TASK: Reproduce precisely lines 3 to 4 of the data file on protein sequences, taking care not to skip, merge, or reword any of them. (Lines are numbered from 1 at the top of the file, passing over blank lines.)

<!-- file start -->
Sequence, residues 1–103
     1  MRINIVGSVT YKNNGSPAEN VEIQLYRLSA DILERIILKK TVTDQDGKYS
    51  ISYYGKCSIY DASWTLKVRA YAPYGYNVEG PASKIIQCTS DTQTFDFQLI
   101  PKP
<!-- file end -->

    51  ISYYGKCSIY DASWTLKVRA YAPYGYNVEG PASKIIQCTS DTQTFDFQLI
   101  PKP